The prescription label recommends that the drug should be used in conjunction with therapy and should be stopped occasionally to determine if it’s still needed.

Weight Loss And Desoxyn

In rare cases, people who aren’t able to lose weight through other means might be prescribed Desoxyn for a few weeks. The dose is one 5 mg pill before every meal.

How effective Desoxyn is for weight loss and obesity isn’t fully known, according to the prescription label.

How Prescription Meth Is Abused

Anytime prescription meth is taken other than exactly the way it was prescribed by a doctor for a specific healthcare treatment, it is considered meth misuse.

Meth misuse can lead to abuse when tolerance develops. That is, more amounts of the drug are needed to get the same effects.

Meth’s withdrawal symptoms, such as depression and lethargy, can cause people to keep using the drug.

Some switch to using crystal methamphetamine or other meth sold on the street. Street drugs are often cheaper and easier to find than prescription drugs.

Side Effects Of Prescription Meth

There are many possible side effects when taking Desoxyn. Always tell your doctor if you’re taking any other prescriptions, supplements, or other drugs to avoid dangerous interactions.

Serotonin syndrome is a life-threatening condition that can develop when taking Desoxyn and certain other medications, such as tricyclic antidepressants.

Particular attention should be paid when using stimulants to treat ADHD in patients with bipolar disorder, because it can worsen their symptoms and induce a manic episode.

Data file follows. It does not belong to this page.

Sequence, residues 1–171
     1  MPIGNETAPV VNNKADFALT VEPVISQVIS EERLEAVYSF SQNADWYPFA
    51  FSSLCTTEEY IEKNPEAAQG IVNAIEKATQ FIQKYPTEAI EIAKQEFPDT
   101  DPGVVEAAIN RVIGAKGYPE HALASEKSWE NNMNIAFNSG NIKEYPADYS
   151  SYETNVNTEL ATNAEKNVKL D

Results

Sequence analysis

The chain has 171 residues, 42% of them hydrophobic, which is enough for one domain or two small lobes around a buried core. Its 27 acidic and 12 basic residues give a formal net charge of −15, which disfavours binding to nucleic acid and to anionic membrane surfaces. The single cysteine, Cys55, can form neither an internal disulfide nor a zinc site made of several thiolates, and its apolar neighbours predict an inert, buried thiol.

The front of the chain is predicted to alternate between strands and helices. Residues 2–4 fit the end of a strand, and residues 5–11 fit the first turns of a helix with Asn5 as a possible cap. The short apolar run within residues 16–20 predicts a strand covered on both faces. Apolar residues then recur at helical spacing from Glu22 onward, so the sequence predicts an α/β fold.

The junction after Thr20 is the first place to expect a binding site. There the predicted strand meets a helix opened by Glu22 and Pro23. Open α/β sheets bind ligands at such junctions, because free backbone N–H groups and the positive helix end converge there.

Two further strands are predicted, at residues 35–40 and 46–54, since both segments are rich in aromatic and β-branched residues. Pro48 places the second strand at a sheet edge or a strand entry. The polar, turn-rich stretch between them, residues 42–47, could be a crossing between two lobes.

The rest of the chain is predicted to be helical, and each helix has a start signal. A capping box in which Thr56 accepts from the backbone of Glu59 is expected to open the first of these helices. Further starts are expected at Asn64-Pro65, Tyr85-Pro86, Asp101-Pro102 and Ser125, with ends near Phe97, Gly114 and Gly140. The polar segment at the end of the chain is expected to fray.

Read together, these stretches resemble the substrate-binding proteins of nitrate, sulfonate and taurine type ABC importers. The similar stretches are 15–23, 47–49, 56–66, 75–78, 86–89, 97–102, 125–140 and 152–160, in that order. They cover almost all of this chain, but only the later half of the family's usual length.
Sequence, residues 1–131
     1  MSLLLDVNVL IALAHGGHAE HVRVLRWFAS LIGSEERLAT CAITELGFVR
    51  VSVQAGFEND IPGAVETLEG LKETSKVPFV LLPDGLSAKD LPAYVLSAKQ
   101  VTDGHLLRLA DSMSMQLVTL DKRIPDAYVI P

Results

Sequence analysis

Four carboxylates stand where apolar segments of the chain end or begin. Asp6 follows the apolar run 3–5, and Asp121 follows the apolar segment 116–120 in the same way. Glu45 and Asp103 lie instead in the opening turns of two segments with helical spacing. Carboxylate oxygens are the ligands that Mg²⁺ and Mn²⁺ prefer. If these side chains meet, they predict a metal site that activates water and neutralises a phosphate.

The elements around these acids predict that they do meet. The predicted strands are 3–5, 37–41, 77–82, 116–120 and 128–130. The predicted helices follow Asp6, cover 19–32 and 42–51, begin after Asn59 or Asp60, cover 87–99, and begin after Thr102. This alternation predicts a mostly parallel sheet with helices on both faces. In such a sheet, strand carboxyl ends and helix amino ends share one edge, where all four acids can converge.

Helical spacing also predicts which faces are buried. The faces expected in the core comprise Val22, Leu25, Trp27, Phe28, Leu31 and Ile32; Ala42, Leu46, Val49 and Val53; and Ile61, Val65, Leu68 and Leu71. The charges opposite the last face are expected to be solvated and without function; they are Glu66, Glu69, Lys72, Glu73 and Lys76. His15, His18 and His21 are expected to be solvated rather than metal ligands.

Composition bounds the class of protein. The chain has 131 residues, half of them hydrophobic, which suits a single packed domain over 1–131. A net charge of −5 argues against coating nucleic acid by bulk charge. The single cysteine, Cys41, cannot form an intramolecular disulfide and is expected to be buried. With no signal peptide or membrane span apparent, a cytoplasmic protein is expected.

The Desoxyn prescription label starts by listing serious possible short-term and long-term side effects when taking any prescribed stimulant.

Side effects of any prescribed stimulant include:

  • sudden death for those with cardiovascular or heart problems
  • high blood pressure and increased heart rate
  • chest pain
  • in adults, stroke or heart attack
  • new or worse psychiatric problems
  • circulation problems
  • in children and teens, new or worse symptoms of psychosis

Some common side effects of Desoxyn include:

  • fast heartbeat
  • dry mouth
  • tremors
  • exacerbated tics in those with Tourette Syndrome
  • loss of appetite
  • meth-induced weight loss

Some serious side effects of Desoxyn include:

  • in children, slowed growth (height and weight)
  • blurred vision or other eyesight changes
  • seizures

How Often Is Meth Prescribed?

Desoxyn prescriptions have been made about 10,000 times in the past several years. The prescription is not refillable.

To be exact, Desoxyn was prescribed 11,000 times in 2016, 10,000 times in 2017, and 9,000 times in 2018, according to the U.S. Drug Enforcement Administration.

Getting Help For Meth Addiction

Methamphetamine addiction is serious, but you don’t have to fight it alone. Evidence-based treatment is available.

Spring Hill Recovery Center’s meth addiction treatment programs take a whole-person, individualized approach to care.

Call us today to learn more or to schedule a tour of our peaceful campus in the woodlands of North Central Massachusetts.

  1. Annals of the New York Academy of Sciences – Methamphetamine use in the United States: epidemiological update and implications for prevention, treatment, and harm reduction
  2. National Institute on Drug Abuse – Prescription Stimulants Drug Facts
  3. Recordati Rare Diseases Inc. – Desoxyn Label
  4. U.S. Drug Enforcement Administration – Methamphetamine Drug Fact Sheet

Written by Spring Hill Recovery Editorial Team

© 2024 Spring Hill Recovery | All Rights Reserved

* This page does not provide medical advice.